At 9:35 p.m., on election night, MSNBC aired a commercial attacking Rep. Joe Heck for
opposing embryonic stem-cell research, paid for by House Majority PAC. The polls had been closed in Nevada for only two-and-a-half hours. Ideally, that was the last political ad we will see until … the municipal elections of 2013. In the meantime, here are some thoughts on yesterday’s fun, some of which we can expect to explore in future blogs, columns, and navel-gazing sessions:
• Barack Obama carried Nevada. Since he won nationally, that’s no shock. Since 1912, Nevada’s electoral votes have gone to the losing candidate only once—to Gerald Ford in 1976 instead of Jimmy Carter. So Nevada has become known as a bellwether, but now it’s a swing state to boot. Last night, it swung toward Obama, and he shouldn’t say, “Thank you.” He should say, “Muchas gracias.” Hispanics did a lot to drive him across the finish line here and elsewhere—and
so did the Culinary and other unions. All of which may explain any wailing and gnashing of teeth you hear from the Strip. Steve Wynn and Sheldon Adelson bet big against Obama. Not only did they lose, but their employees appear to have ignored them, too.
• But Nevadans want Obama to destroy Medicare and they love gridlock. How do we know? Because they voted to elect Dean Heller to a full six-year term to the Senate, and he’s the only member of Congress who voted twice for Rep. Paul Ryan’s plan to eliminate Medicare as we know it. How to reconcile that? The only county that Shelley Berkley carried was Clark, and not by enough to overcome the rest of the state. Despite Clark County having 72 percent of the state’s population, a northern Nevadan won a Senate seat. Clark County obviously has the largest senior population in the state, too, and you can bet the results will show that Heller cut into Berkley in Clark County in the Sun Cities. Which ought to give us all pause to think, because they certainly didn’t pause to think, and neither did a lot of other Clark County residents.
• Did the ethics charges hurt Berkley? Certainly. But when you go through the long list of reasons, it goes back to Clark County not voting overwhelmingly for one of its own. Obama ran about 50,000 ahead of her in southern Nevada and carried Washoe.
• Sen. Harry Reid isn’t happy to be stuck with Heller for six years (the feeling is mutual), but Democrats gained in the Senate and his caucus will be more united. The Senate may be more polarized, but Republicans blew good chances in Indiana and Missouri by going with Tea Partiers. Reid should give thanks that the lesson he taught Republicans in 2010 in defeating Sharron Angle didn’t penetrate many skulls.
• The R-J changed publishers, editors and pollsters after the Harry Reid debacle of 2010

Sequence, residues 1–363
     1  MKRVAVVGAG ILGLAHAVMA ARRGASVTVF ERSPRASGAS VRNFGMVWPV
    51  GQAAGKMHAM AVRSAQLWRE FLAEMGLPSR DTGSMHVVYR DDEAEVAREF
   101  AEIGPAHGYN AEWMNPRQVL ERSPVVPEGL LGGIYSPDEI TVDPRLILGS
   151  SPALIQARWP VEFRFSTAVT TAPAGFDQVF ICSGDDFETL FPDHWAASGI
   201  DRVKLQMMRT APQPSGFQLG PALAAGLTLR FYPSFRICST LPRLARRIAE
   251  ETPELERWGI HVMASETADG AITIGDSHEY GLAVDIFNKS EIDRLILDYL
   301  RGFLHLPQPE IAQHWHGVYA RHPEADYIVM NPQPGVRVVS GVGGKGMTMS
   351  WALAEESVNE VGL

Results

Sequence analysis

but, despite continuing to hurt its credibility with its editorial biases seeping into the news columns, still missed on the race between Steven Horsford and Danny Tarkanian. There, the percentages essentially were flipped: Horsford beat Tarkanian by more than the margin the R-J poll showed Tarkanian ahead. Why? The same reason as the failure of 2010: increasing numbers of people — especially younger ones — don’t have land lines, and the polls undercounted Hispanics. And now Nevada has its first African-American congressman.
• The R-J did win one with the defeat of presumptive Assembly Speaker Marcus Conklin, who
would have done a fine job. Now William Horne, who appeared headed for majority leader, may be the man to watch. Not only an African-American congressman who had been state senate majority leader but an African-American speaker, too, in what once was known as the Mississippi of the West—and Horsford’s successor as state senate leader is Mo Denis, a Latino.
• Democrats gained an assembly seat for a 27-15 majority and held onto the state senate, 11-10, but could have picked up two more except for razor-thin losses by Benny Yerushalmi in Clark County and Sheila Leslie in Washoe County (a tough loss for Nevada’s six other liberals). But why is everybody saying no one has a legislative supermajority? Clark County does. But if Clark County couldn’t even get one of its most popular longtime politicians to the U.S. Senate for its own good, why should we expect its legislators to unite on what’s best for the area?
It says something else. Mark Hutchison and Greg Brower won those slight victories, partly by saying they were moderate. So did Dean Heller, who lied about Berkley. Mitt Romney reinvented himself , again, and lied more frequently about his opponent than any other presidential candidate in our history. It turns out that Nevada voters really are like those across the nation: They will vote in large numbers for a Republican who will say what needs to be said to win.